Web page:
The Wiltshire Heritage Museum is planning to launch a bus service to link Stonehenge and Avebury. At the moment, it is extremely difficult to travel between the two, and the Museum hopes to be able to boost tourism in the Vale of Pewsey and the Avon Valley. They hope to launch a service in due course.

Stonehenge

Stonehenge

The Community Bus Service will be operated by minibuses, and the route would take in a range of archaeological sites and monuments in the Stonehenge and Avebury World Heritage Site, including Silbury Hill, West Kennet Long Barrow and Woodhenge.

The ‘hop on, hop off’ service would include free entry to the Wiltshire Heritage Museum in Devizes, encouraging people to discover the collections excavated from the World Heritage Site.

The Henge Hopper enables you to visit:

Avebury
Britain’s largest stone circle, at the centre of a remarkable complex of monuments, including stone circles, burial mounds, two stone-lined avenues and Silbury Hill.

Alexander Keiler Museum, Avebury Manor
Explore the world famous stone circle. The bus starts from just outside the Museum, which features fascinating finds from Alexander Keiler’s excavations at Avebury, and, in the barn, interactive displays bring the Avebury landscape to life. Explore also Avebury Manor and its wonderful garden. Cafe, toilets and shop.

Silbury Hill
The largest man-made mound in Europe, mysterious Silbury Hill compares in height and volume to the roughly contemporary Egyptian pyramids.

West Kennet Long Barrow
One of the largest, most impressive and most accessible Neolithic chambered tombs in Britain. Built in around 3650 BC, it was used for a short time as a burial chamber, nearly 50 people being buried here before the chambers were blocked.

Wansdyke / White Horse Trail
Massive Saxon defensive ditch and bank running along the top of the North Wessex Downs. Walk along the Wansdyke, following the White Horse Trail, with stunning views over the Vale of Pewsey.

Marden Henge
Britain’s largest henge, Excavations in 2010 have revealed much about its fascinating story.

Alton Barnes White Horse
Dominates the landscape of the Vale of Pewsey.

Adam’s Grave / Wansdyke
Neolithic chambered tomb on the summit of the Downs. Walk along the Wansdyke, following the White Horse Trail.

Stonehenge

The most sophisticated stone circle in the world, at the centre of a remarkable sacred landscape. Includes the cursus, a 3km long earthwork and the Avenue, leading from the River Avon.

Winterbourne Stoke

The most impressive barrow cemetery – a Neolithic long barrow and a line of Bronze Age burial mounds.

Normanton Down
Cemetery of over 50 round barrows, including the famous Bush Barrow.

Amesbury

Amesbury is an attractive small town embraced by a loop of the River Avon as it cuts through the high plateau of Salisbury Plain. The town has served the needs of travellers for centuries. Highlights include the Amesbury is the closest settlement to Stonehenge.

Durrington Walls / Woodhenge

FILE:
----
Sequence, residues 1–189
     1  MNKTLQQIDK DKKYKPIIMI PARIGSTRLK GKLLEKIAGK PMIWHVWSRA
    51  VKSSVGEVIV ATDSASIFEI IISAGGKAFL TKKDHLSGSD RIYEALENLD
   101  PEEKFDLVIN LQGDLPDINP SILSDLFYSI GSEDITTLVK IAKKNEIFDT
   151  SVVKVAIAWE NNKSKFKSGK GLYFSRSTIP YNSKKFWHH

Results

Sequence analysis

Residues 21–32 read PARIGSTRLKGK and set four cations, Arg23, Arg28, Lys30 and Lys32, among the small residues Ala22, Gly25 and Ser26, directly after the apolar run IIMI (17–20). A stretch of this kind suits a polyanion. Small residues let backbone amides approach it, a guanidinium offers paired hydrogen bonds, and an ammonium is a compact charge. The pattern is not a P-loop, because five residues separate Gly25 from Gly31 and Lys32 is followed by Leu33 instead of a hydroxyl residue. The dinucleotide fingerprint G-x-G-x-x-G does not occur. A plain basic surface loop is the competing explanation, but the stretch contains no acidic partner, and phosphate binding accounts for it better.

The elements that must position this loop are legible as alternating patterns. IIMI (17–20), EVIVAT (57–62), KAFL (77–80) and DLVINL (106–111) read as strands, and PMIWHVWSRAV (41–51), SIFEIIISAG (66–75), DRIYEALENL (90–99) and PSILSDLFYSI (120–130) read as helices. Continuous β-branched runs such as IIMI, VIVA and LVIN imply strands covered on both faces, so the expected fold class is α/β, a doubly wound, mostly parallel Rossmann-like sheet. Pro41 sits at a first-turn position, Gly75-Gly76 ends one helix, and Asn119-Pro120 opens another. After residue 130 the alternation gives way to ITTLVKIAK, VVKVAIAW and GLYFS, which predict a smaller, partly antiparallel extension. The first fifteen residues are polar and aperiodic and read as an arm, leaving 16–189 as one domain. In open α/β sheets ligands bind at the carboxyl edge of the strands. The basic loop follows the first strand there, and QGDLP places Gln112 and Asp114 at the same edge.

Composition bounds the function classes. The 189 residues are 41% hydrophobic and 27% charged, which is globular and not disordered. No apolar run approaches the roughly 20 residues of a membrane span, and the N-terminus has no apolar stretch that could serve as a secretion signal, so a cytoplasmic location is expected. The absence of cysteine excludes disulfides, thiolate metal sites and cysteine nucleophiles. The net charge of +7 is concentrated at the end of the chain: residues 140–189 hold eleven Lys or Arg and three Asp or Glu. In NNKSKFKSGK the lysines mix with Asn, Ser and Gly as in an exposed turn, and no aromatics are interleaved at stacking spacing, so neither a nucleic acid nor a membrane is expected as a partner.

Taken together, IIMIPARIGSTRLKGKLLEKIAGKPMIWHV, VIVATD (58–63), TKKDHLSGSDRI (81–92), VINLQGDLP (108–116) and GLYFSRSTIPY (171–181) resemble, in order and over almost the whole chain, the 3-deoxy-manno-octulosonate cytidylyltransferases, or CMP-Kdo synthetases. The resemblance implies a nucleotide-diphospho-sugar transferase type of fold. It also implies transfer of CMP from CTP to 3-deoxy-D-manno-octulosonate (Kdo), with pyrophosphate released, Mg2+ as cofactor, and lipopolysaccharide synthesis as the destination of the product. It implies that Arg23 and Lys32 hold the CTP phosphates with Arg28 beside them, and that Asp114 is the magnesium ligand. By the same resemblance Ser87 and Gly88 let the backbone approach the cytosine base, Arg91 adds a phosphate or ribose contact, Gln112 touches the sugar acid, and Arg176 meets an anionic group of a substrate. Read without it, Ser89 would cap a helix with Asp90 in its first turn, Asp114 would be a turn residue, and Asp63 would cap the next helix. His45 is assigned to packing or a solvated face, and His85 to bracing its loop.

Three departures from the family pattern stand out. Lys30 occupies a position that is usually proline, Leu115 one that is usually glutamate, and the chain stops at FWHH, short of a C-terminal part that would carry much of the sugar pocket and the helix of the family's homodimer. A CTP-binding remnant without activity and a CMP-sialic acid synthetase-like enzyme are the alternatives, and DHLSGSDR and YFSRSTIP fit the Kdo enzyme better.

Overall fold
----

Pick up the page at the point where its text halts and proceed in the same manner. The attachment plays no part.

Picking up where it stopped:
Durrington Walls is a massive henge, the site of the recent discovery of Neolithic houses, where the people who used Stonehenge may have lived. Nearby is Woodhenge, where excavations showed a series of concentric circles of wooden posts, enclosed by a bank and ditch.

Where to Stay
Local accomodation listed by VisitWiltshire.

Alternatvley you could join a guided sightseeing coach tour with ‘The Stonehenge Tour Company’ or a privat tour with ‘Histouries UK’ or ‘SalisburyGuidedTours‘ based is Salisbury

The Henge Hopper – http://www.stonehenge-avebury-bus.org.uk/
Stonehehenge Tour Companies – http://www.stonehenge-stone-circle.co.uk/stonehenge-tours.htm

However you get there, get there…………………….

Merlin @ Stonehenge
The Stonehenge Stone Circle Website





Wessex Audio Tour – Ancient Britain

3 03 2011

Start: Avebury |Finish: Old Sarum
Distance: Approximately 42 miles

Wiltshire is a county of history and mystery set in a dramatic landscape. The combination of heritage and scenery provides a truly memorable day out. So come with us on a journey through the countryside and across the ages as we go back to the time of our prehistoric ancestors. Hundreds of thousands of years may have passed but all over the county there’s evidence of human activity from the end of the Ice Age through the Stone, Bronze and Iron Ages right up to the invasion of the Romans in AD43.

Click here for audio / visual tour

This driving tour will take you through the heart of Wiltshire. En route you’ll discover more about how our enigmatic and mysterious ancestors lived, worked, fought and died.

This tour can be undertaken in a variety of ways; as a day-long journey, in short sections or you can use the information as a guide to individual visits.

You might also consider embarking on the tour using public transport but keeping up to date with bus service and timetable changes will require plenty of preparation.

Before you set off make sure that you’re properly equipped. Nothing beats a really good Ordnance Survey map, marked with contours and ancient monuments. A compass and a torch would also be useful. Some of these historical gems are in fields and away from roads or footpaths, so good walking boots are a must. Some sites have few or no facilities and it’s also worth noting that mobile phone coverage can’t be guaranteed in parts of rural Wiltshire. For news of road works or route closures, check BBC Local Radio and bbc.co.uk/travelnews

This guide has been produced with the generous assistance of Phil Harding, Wessex Archaeology, English Heritage, Wiltshire Council Archaeology Service, Bob Clarke, Martin Kellett, David Dawson and the Wiltshire Heritage Museum in Devizes.
Sponsors:  The Stonehenge Tour Company

Merlin @ Stonehenge
The Stonehenge Stone Circle Website